How the Farm Bill Can Help Native American Communities

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Submitted by U.S. Senator Tina Smith 

One of the best parts of my job is traveling around the state to talk to Minnesotans about what they care about and the issues impacting them. A top priority this year has been discussing the upcoming Farm Bill. My staff and I have had conversations with dozens of stakeholders, including farmers, researchers, co-ops, Native and Tribal communities, and other farmers and producers of color to ensure the next Farm Bill works for everyone.

Native and Tribal communities face persistent inequities in nutrition and the agriculture sector, and the Farm Bill is the best opportunity this year to address them. As a member of both the Senate Indian Affairs and Agriculture committees, I have a unique opportunity to help lead the next Farm Bill so it works for your communities. It is critical that we include the priorities and voices of Native American producers and Tribal governments in the decision-making process. Native communities across the nation face unique challenges in the agriculture sector and it is our responsibility in Congress to address these disparities by providing meaningful support for Tribal agricultural programs.

Food is medicine, and it’s also a central part of cultural heritage. For Ojibwe people, wild rice, or manoomin, is a part of your origin story and an essential way to feed your people. I have heard from the Leech Lake Band and many others about the importance of protecting wild rice and water resources in the upcoming Farm Bill.  I am fighting back against proposals that would hurt Tribes, like cuts to food programs and the proposal to make wild rice a specialty crop. Tribes must always be in the driver’s seat when it comes to wild rice, but this proposal disregarded them. I’m working to support Tribes’ efforts to make Indigenous food accessible to Tribal members by expanding food sovereignty and self-governance opportunities in the next Farm Bill.

Congress passes a new Farm Bill every five years. It’s important legislation that funds and sets the policy on a wide variety of programs ranging from nutrition and agriculture to conservation and forestry. It also supports Tribal colleges by providing funding for agricultural education, research, scholarships, and rural development initiatives. This bill touches the lives of every American and is vital to our state and Tribal economies. But it hasn’t always been equitable or fair. We’re working to change that with the creation of a ‘Native Farm Bill.’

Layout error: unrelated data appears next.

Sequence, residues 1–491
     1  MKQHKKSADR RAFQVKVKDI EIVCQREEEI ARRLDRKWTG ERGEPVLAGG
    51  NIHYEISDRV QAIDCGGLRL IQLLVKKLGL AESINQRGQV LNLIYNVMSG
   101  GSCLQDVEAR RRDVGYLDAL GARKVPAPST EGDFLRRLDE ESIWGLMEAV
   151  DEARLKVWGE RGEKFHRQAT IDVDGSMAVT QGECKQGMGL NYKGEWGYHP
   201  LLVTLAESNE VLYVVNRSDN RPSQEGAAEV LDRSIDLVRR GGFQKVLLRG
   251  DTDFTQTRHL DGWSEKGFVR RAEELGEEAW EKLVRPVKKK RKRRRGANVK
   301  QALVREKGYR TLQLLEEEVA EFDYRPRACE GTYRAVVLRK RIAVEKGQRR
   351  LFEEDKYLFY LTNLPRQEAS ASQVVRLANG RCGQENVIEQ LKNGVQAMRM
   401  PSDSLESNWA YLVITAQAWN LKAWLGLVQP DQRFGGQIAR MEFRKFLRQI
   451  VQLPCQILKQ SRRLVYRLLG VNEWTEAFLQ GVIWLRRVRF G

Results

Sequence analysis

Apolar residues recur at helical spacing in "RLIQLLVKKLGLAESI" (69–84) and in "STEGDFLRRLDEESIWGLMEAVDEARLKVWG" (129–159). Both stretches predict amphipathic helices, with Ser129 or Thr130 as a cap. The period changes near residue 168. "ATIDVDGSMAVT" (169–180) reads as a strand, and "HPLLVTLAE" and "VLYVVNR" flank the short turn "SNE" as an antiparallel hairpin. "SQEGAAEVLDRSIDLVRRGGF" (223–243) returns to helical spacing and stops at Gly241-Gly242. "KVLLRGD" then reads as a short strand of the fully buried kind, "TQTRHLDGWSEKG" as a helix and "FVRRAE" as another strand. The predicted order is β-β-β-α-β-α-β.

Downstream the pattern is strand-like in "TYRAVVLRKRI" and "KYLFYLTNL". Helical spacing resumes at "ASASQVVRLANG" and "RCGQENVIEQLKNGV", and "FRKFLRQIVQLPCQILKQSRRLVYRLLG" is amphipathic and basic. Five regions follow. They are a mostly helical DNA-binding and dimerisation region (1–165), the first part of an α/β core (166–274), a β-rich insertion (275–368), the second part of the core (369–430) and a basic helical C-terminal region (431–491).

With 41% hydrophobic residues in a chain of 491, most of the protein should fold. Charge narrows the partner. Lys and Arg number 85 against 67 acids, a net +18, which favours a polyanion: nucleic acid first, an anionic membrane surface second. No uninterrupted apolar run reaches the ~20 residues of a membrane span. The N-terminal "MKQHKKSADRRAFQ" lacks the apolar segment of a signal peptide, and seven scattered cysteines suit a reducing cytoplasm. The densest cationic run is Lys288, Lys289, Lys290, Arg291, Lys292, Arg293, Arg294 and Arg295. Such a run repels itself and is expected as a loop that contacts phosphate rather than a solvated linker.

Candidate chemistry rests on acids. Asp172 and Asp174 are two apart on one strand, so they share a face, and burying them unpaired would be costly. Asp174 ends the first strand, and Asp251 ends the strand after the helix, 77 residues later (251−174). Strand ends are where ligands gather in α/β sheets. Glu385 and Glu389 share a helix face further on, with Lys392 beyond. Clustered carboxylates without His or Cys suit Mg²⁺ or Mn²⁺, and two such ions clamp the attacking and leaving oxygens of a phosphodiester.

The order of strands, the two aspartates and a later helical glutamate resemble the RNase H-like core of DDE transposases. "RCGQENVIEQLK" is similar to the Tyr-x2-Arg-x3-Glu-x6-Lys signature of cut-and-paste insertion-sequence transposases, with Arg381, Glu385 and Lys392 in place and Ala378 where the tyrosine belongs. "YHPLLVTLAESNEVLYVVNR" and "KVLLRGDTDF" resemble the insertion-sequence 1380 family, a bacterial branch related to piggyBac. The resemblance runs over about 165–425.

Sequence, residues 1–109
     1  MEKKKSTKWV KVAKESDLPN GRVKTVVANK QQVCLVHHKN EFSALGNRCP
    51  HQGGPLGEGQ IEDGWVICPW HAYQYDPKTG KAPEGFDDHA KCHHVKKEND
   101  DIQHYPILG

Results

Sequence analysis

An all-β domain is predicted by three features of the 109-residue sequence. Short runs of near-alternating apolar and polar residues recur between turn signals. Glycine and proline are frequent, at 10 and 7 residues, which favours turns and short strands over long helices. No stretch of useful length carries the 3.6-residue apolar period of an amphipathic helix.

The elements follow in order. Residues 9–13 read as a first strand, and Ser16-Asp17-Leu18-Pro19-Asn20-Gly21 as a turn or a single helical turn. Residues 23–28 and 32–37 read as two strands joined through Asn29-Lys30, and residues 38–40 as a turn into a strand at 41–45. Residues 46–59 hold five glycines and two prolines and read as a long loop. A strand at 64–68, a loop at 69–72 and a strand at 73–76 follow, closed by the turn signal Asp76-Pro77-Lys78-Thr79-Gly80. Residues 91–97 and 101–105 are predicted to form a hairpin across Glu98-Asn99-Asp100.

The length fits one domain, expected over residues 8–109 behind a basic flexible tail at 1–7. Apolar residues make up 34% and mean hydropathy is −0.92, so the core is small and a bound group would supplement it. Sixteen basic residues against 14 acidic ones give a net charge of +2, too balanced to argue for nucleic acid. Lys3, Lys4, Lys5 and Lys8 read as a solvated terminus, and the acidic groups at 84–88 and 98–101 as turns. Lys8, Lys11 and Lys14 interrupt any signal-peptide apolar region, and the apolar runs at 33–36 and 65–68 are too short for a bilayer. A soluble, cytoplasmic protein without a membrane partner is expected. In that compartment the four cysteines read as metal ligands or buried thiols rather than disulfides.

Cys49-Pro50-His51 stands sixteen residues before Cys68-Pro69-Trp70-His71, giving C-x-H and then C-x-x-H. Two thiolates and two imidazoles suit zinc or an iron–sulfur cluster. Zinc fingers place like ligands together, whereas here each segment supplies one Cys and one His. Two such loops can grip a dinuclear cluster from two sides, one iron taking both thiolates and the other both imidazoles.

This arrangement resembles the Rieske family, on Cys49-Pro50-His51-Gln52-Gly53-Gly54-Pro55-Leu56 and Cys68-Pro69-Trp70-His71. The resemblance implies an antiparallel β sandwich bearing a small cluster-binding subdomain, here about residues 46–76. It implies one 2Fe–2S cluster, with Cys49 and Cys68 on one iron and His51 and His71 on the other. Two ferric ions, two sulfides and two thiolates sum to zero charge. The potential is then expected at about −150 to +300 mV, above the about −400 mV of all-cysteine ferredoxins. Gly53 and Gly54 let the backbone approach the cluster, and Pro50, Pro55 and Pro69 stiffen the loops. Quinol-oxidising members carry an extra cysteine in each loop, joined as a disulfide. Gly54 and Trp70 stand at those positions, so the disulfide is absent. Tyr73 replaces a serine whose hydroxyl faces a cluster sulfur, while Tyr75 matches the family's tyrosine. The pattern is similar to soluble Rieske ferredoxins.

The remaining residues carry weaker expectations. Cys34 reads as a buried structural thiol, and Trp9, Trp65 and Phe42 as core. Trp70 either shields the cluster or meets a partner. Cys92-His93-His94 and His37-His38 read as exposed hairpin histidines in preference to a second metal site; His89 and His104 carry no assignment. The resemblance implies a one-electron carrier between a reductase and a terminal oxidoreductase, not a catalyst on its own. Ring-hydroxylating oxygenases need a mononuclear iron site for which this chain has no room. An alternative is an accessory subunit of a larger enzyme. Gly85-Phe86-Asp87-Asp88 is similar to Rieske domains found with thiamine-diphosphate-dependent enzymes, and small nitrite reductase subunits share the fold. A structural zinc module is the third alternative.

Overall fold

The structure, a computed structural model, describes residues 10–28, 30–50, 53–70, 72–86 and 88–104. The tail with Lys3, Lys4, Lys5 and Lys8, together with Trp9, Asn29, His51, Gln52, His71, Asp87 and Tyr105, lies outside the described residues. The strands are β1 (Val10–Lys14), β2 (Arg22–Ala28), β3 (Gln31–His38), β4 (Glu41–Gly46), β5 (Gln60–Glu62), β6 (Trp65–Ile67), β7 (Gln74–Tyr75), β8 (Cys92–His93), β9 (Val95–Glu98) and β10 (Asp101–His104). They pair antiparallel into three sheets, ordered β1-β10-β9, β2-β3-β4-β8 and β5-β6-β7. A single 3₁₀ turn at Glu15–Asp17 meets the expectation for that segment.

I am working in Congress to create the ‘Native Farm Bill,’ a collection of policy proposals that collectively would mean real progress throughout the Farm Bill for Native and Tribal communities. This package will include everything from self-governance expansion to making it easier to access federal agricultural programs on trust land.

Tribal sovereignty and self-governance are at the center of this work. New opportunities for self-governance are the biggest priority for Indian Country; they would allow Tribal Nations to administer federal programs within their own communities. This model has proven itself to be very successful in health care and Tribal programs through the Bureau of Indian Affairs. In 2018, the Farm Bill included the first ever self-governance expansion at the USDA for food distribution and wildfire management. These policies proved that it’s time for broader self-governance expansion at USDA.

Self-governance policies are important because they make federal dollars work better to address the unique needs of Tribal communities. The Farm Bill gives us the chance to expand self-governance at USDA to include the Supplemental Nutrition Assistance Program (SNAP), food distribution program, forestry, conservation, and meat processing. Expanding self-governance at USDA will mean that Tribal Nations can build food systems to address food insecurity, increase access to Indigenous foods, use Indigenous knowledge for forest management and conservation and support strong Tribal economies.

The Farm Bill presents us with an opportunity to rectify historical injustices, address disparities, support the self-determination of Native American producers and the sovereignty of Tribal governments. By working with Native and Tribal leaders, we can ensure the next Farm Bill empowers Tribal governments to develop and implement sustainable agricultural strategies that align with their unique needs and priorities. Together, we are forging a path towards a more just, equitable, and inclusive agricultural landscape that benefits us all. Now is the time to seize the moment and work collaboratively to ensure that the upcoming Farm Bill is the best one yet and reflects the needs of our Native and Tribal communities.

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